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Watching the Web: Thoughts on Expanding Police Surveillance Opportunities Under the Cyber-Crime Convention

NCJ Number
Canadian Journal of Criminology and Criminal Justice Volume: 46 Issue: 5 Dated: October 2004 Pages: 597-606
Laura Huey; Richard S. Rosenberg
Date Published
October 2004
10 pages
This article explores the implications of the Convention on Cybercrime (CC), an international agreement that facilitates the investigation of crimes committed through the Internet.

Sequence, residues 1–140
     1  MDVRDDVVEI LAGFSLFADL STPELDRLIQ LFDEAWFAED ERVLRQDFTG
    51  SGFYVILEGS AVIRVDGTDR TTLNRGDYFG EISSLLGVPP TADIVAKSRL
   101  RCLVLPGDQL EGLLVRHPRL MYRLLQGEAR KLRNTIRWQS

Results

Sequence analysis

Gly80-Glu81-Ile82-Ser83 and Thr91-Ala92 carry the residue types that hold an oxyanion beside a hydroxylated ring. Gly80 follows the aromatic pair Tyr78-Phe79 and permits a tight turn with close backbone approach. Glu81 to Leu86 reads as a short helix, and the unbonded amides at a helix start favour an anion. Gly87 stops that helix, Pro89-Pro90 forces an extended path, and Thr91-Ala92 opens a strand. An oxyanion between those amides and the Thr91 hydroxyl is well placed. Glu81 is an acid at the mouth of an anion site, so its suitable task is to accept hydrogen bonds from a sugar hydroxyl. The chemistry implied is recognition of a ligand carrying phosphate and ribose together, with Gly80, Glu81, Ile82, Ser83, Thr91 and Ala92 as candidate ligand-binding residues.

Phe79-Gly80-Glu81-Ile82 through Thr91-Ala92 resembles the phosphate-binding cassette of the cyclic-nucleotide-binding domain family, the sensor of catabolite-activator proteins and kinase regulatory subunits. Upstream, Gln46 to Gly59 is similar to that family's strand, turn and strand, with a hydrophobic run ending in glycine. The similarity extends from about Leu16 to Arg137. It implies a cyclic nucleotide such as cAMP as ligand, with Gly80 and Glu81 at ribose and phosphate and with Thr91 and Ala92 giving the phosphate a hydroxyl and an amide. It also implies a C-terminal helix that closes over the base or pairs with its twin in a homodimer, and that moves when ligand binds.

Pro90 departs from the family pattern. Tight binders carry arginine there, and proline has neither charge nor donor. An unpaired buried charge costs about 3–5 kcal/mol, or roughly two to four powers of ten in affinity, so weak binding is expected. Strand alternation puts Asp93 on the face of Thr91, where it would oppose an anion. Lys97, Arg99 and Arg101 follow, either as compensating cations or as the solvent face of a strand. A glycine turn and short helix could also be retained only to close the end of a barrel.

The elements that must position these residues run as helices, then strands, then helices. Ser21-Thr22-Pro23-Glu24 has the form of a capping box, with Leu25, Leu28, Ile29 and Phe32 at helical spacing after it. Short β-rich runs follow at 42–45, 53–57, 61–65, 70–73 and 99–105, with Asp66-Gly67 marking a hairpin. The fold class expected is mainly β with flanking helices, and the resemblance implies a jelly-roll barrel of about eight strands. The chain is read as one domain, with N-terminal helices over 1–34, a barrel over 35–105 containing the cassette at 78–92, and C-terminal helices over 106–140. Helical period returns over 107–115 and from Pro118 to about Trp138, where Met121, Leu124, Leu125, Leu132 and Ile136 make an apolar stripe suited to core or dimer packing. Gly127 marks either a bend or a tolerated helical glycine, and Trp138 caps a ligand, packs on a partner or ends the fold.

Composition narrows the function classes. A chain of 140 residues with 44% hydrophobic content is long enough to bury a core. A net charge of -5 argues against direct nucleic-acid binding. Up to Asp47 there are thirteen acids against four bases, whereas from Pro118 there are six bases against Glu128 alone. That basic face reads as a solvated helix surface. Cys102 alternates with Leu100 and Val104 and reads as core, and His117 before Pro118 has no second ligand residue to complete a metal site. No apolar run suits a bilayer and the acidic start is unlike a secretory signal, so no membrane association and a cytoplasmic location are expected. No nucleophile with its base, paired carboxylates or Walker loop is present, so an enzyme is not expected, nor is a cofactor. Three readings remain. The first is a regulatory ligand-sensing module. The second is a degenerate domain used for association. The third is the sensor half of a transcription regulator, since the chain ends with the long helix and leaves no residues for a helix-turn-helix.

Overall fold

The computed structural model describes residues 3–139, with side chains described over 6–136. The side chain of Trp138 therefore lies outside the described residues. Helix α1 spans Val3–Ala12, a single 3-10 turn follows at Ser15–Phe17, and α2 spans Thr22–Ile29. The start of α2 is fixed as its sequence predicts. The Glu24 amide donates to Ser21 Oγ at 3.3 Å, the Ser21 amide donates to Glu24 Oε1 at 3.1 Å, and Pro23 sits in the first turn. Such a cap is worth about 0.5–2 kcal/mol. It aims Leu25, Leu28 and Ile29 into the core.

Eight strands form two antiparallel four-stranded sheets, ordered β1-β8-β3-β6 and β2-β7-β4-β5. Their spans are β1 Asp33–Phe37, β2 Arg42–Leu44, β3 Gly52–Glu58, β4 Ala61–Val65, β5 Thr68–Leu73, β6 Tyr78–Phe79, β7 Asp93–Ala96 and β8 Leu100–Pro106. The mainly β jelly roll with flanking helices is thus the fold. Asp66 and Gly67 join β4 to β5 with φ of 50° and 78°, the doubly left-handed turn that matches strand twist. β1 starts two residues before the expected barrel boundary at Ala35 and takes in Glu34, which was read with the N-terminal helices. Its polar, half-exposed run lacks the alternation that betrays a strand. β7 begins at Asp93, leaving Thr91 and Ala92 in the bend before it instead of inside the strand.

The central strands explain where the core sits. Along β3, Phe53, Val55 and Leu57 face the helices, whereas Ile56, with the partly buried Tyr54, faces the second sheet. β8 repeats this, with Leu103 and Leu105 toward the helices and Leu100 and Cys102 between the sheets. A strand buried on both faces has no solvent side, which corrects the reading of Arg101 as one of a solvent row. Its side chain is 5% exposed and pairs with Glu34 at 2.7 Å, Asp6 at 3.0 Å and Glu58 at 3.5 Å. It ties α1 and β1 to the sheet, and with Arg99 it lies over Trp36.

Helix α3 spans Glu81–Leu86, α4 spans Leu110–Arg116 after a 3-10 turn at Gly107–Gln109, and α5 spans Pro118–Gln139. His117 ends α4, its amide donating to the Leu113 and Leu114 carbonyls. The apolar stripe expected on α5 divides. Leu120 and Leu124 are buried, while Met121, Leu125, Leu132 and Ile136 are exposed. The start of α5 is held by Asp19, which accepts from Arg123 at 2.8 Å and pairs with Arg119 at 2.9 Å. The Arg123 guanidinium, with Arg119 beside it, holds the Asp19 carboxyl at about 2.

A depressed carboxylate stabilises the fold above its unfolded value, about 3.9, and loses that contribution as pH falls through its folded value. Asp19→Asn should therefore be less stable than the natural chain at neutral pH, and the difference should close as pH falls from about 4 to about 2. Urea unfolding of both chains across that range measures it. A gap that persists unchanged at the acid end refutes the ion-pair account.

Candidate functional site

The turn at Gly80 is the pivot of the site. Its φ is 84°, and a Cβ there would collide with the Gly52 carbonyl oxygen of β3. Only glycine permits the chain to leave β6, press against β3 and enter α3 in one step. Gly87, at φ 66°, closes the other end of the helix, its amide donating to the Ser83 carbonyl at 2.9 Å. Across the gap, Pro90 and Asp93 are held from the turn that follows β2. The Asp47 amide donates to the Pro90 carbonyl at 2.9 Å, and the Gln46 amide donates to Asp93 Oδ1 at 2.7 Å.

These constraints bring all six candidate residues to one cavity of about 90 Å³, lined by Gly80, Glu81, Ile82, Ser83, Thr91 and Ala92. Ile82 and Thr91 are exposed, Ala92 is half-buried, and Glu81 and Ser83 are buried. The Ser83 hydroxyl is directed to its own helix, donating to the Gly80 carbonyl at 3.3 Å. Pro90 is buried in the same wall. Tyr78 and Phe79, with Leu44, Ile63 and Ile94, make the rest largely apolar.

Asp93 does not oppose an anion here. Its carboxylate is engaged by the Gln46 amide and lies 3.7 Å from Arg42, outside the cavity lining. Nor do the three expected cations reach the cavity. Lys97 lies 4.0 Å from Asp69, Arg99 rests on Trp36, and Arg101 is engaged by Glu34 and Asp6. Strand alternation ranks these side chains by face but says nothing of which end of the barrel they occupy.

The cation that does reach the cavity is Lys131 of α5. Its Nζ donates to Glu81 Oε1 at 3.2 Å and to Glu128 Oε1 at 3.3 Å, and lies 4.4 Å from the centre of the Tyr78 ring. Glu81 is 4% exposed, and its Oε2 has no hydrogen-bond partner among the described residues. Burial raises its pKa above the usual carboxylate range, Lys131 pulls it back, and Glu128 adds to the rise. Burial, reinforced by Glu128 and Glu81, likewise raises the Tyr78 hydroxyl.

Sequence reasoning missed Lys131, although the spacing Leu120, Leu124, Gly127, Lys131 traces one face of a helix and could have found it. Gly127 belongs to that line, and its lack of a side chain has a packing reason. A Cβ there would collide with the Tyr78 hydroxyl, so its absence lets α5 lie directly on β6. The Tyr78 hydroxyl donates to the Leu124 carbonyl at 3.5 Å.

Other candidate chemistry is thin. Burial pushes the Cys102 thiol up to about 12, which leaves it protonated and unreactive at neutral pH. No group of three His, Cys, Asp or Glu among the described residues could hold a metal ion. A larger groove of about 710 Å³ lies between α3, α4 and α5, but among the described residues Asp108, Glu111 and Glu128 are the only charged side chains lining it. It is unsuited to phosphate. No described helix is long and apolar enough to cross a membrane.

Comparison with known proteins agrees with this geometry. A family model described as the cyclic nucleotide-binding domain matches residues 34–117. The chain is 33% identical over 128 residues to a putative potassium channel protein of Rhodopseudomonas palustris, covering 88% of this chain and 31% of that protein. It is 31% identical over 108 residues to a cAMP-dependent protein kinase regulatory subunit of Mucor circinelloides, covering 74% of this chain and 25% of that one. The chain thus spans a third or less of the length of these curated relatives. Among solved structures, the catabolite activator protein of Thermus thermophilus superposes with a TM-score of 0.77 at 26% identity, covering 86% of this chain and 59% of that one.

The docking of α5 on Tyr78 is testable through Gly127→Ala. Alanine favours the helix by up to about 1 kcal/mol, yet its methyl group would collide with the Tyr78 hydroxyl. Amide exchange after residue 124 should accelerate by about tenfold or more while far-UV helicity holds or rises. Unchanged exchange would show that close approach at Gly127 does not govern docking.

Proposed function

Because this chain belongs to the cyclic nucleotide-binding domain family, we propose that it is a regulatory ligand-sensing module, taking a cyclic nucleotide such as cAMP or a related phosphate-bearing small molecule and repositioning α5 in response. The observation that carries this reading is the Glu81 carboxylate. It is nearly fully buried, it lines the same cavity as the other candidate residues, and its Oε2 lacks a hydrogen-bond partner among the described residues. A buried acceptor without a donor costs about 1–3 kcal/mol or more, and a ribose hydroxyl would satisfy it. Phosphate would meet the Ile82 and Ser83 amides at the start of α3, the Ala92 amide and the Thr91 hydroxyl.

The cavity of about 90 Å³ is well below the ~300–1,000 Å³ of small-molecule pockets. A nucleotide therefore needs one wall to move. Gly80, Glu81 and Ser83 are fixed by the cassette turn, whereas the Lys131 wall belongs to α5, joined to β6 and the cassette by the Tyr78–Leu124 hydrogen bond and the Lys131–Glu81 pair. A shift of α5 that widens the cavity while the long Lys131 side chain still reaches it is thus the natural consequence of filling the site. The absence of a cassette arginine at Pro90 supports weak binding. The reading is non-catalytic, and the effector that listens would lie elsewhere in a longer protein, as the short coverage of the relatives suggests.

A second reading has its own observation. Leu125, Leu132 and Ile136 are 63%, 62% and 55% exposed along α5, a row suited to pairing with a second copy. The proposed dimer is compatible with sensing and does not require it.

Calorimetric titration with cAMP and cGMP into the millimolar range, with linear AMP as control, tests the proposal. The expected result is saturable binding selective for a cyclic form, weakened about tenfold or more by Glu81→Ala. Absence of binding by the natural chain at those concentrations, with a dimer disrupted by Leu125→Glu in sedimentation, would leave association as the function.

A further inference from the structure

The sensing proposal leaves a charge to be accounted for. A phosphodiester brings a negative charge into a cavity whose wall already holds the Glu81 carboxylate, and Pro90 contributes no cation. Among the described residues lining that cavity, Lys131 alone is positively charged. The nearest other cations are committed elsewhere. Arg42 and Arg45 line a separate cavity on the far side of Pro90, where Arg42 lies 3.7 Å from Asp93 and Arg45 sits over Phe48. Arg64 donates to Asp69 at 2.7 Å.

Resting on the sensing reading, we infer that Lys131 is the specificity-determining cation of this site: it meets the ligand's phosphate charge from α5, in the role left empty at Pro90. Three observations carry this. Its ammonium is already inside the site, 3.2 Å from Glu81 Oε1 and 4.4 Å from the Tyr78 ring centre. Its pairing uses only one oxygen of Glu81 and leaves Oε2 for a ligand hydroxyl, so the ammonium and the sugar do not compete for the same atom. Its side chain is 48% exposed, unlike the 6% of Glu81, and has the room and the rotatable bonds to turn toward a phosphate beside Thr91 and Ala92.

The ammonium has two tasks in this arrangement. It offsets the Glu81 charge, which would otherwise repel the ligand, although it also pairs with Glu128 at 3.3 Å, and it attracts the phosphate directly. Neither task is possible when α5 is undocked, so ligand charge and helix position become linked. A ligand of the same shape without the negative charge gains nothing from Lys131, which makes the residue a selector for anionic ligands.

The Council of Europe and four non-member states, Canada, Japan, South Africa, and the United States, signed the CC in November 2001. Under the CC, law enforcement is granted new powers of search and seizure, including the power to compel Internet Service Providers (ISP’s) to have intercept technology that assures access to data transmissions. Additionally, ISP’s are mandated under the CC to assist law enforcement in the storage and search of data and to release general information concerning their customers. The authors argue that the requirements of the CC are part of a larger policing trend in which the private sector is used as an extension of law enforcement reach. By compelling ISP’s to participate in a law enforcement function, the CC represents a threat to the privacy of Internet users at the same time it places a heavy burden on private businesses. While other countries have struggled with the legality of such a move, the PATROIT Act in the United States already expanded surveillance powers, including the right to gain certain data from ISP’s. The CC has the potential to expand the state’s surveillance powers beyond the purview of the PATRIOT Act and into the personal and private territory of online transmissions. The CC is thus an abuse of the trust that individuals place in the Internet as a medium of personal exchange. Notes, references